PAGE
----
At this point, odds are you've heard the buzz about Philadelphia; it's been lauded by The New Times, called the "Next Great American City" by National Geographic Traveler and even name-checked as "cool" on the WB's "Gilmore Girls."
The national attention comes as no surprise to Philly's 1.5 million residents - we've always known Philadelphia was cool. How else to describe a city that gave birth to the Mummers, a group of working-class dudes that don feathered costumes, lipstick and sequins for an elaborate annual New Year's Day parade down Broad Street, the city's main, um, drag?
In recent years, Philadelphia's quirky traditions, world-renowned cultural institutions and rich history have drawn people of every stripe to Center City, and the locals continue to maintain the character of the city's neighborhoods: historical Society Hill, Italian Bella Vista, charming Rittenhouse Square, Chinatown, punky South Street, crunchy West Philly, each of them blocks - and worlds - apart. The result is a city that's vibrant and eclectic, worldly and provincial.
And therein lies the secret of Philadelphia's coolness. From the cobblestone streets of Old City, where Ben Franklin impersonators stroll between art galleries, hip restaurants and boutiques on their way to the Liberty Bell (often stopping to gab on their cell phones or gnaw on a hoagie, in true period fashion) to the far side of the Schuylkill River, where students at the University of Pennsylvania study in restaurants owned by Ethiopian expatriates, Philadelphia is and always has been a study in contrasts. It is a sprawling city and a small town, a place where the past and the future coexist and a uniquely American city that truly holds something for everyone.
Philadelphia's restaurant renaissance is still going strong - new places open practically monthly. But if you only have a few days, you'll want to make sure you hit the best ones. So Philadelphia Inquirer's Craig LaBan - one of the most influential and feared restaurant critics in the country - tells us his three current favorites by price range.
Haute Couture: Bon AppÃ©tit recently called Vetri "probably the best Italian restaurant in America." When you're in town, LaBan recommend's chef Marc Vetri's prosciutto: The house-aged rib chop, seared with rock salt in a cast-iron pan, is "the greatest single slice of beef in town." 1312 Spruce St., (215) 732-3478; dinner only, call for reservations; entrÃ©es: $18-$38 www.vetriristorante.com
Gourmet: "[Southwark] is an excellent, new-ish Queen Village gastropub with a very ambitious menu - roast pheasant, grilled rabbit, sweetbreads with blue cheese bread pudding - that really delivers," says LaBan. 701 S. Fourth St., (215) 238-1888; entrÃ©es: $20 or less
Good ?n' Cheap: The colonial awning, dark cherrywood tables and warm lighting of Vietnam Restaurant give this local favorite an ambience not often seen in Chinatown. Plus, Vietnam's grilled stuffed grape leaves have quelled wars - or at least arguments over what to order for an appetizer. 221 N. 11th St., (215) 592-1163; entrees: $8-$14; www.eatatvietnam.com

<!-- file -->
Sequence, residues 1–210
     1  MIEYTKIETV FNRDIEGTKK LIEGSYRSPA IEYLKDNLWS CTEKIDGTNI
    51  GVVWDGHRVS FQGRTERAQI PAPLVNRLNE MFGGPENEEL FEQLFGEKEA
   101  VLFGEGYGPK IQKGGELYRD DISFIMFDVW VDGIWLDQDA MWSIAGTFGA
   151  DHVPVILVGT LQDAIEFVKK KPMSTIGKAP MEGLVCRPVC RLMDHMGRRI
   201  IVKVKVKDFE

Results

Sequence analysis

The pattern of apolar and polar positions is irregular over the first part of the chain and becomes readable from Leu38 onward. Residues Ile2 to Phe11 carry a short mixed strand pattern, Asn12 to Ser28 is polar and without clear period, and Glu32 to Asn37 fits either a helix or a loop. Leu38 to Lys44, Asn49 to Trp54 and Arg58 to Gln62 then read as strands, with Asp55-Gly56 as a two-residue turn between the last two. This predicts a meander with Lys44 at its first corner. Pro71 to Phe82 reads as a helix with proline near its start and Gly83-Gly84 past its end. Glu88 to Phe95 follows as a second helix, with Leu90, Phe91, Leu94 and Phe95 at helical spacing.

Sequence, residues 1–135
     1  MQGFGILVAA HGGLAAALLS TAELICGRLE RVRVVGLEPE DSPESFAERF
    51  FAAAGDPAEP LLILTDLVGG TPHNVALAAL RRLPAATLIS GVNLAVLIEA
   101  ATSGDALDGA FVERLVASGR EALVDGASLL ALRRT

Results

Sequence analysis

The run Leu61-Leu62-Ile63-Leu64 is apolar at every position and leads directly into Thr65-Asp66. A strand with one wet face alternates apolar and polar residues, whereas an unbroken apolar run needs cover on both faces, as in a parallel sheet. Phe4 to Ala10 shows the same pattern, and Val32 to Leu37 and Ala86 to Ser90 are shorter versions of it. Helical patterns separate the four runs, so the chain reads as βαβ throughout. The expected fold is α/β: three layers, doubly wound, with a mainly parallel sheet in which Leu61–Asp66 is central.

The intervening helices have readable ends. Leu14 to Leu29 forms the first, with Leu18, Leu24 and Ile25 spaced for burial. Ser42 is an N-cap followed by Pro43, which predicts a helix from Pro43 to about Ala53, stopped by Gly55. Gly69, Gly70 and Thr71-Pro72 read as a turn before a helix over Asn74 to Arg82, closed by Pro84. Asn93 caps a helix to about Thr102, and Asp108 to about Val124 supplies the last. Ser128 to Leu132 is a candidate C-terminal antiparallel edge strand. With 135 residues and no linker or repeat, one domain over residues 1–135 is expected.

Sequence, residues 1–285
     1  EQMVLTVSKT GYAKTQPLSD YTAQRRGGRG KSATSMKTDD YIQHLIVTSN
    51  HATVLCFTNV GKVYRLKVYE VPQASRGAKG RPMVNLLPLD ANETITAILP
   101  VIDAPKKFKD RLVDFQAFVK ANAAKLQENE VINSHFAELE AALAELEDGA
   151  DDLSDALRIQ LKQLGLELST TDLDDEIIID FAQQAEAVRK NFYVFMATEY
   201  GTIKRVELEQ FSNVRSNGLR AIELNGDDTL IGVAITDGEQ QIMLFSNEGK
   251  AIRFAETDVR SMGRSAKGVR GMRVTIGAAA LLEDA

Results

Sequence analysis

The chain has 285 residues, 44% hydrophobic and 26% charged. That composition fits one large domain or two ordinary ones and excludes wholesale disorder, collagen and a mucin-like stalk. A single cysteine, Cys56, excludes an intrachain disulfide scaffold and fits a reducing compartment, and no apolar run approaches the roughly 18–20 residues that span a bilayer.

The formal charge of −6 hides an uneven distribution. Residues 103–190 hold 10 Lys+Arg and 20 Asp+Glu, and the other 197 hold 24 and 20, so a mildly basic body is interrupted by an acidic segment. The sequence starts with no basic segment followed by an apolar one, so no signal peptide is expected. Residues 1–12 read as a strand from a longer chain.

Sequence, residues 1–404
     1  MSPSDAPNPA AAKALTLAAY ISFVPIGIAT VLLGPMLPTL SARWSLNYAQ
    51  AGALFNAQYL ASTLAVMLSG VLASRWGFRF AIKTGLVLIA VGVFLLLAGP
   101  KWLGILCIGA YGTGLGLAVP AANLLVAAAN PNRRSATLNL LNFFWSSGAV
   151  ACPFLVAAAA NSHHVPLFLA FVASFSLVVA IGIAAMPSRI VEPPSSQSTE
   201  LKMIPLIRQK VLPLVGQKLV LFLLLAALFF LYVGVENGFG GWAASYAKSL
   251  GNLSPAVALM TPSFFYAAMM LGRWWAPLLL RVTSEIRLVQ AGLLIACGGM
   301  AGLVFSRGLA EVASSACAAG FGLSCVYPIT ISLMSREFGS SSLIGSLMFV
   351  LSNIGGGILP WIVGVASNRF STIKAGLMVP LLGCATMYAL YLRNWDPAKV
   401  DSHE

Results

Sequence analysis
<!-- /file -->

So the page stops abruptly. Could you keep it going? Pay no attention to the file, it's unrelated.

Philadelphia Daily News gossip columnist Dan Gross makes it his business to know the city's hottest nightspots. He let us in on the best places to get cocktails with a side of scoop.
The Hottest Spot: 32 Degrees is "a favorite of high-rolling athletes and beautiful women," says Gross. "Dress is chic, the soundtrack is hip-hop and dance, and for those who like to be seen spending mad cash, there's European bottle service." 16 S. Second St., (215) 627-3132; www.32lounge.com
The Rockin' Spot: The Khyber. "This venerable rock institution is a stone's throw from 32 Degrees, but it's a mile apart inside. You can catch hot indie rock bands like Death Cab for Cutie playing downstairs. SNL's Horatio Sanz dropped by when he was in town," Gross notes. 56 S. Second St., (215) 238-5888; www.thekhyber.com
The Sports Spot: Chickie's and Pete's. "This sports bar is a favorite of Bon Jovi's," say Gross; the rocker got it featured on Oprah. "Order the amazing crab fries and a tall tap of beer for your table - and drink fast to keep it cold." 1526 Packer Ave., (215) 218-0500; www.chickiesandpetes.com
As Philadelphia Magazine's resident shopping expert, Lauren McCutcheon spends her days scouring shops for just the right thing. She knows she can always find it at these places.
Modern/Minimalist: "Matthew Izzo's new store is like a giant white box, outfitted with Jonathan Adler couches, vases and tables, splashy modern art, and shelves of Izzo's own deliciously scented candles," McCutcheon gushes. Matthew Izzo Lifestyle, 1109 Walnut St., (215) 922-2570; www.matthewizzo.com
Fun/Funky: "There are so many cool boutiques in Old City, but this is the one that started it all," McCutcheon says of Vagabond. The owners sell locally made clothing and art, funky-chic jewelry and accessories (like adorable clutches and purses) and knitting materials. "It's one-stop shopping for the boho fashionista." 37 N. Third St., (267) 671-0737; www.vagabondboutique.com
Body/Mind: "OK, this isn't technically a shop, but what's a vacation if you can't unwind?" ponders McCutcheon. She calls Rescue Rittenhouse Spa Lounge the ideal day spa: "Slightly hidden, cozy but spare, completely serene ... the best facials, best massages, best mani/pedis, best makeovers - really, the best of everything." 255 S. 17th St., Second floor; (215) 772-2766; www.rescuerittenhousespa.com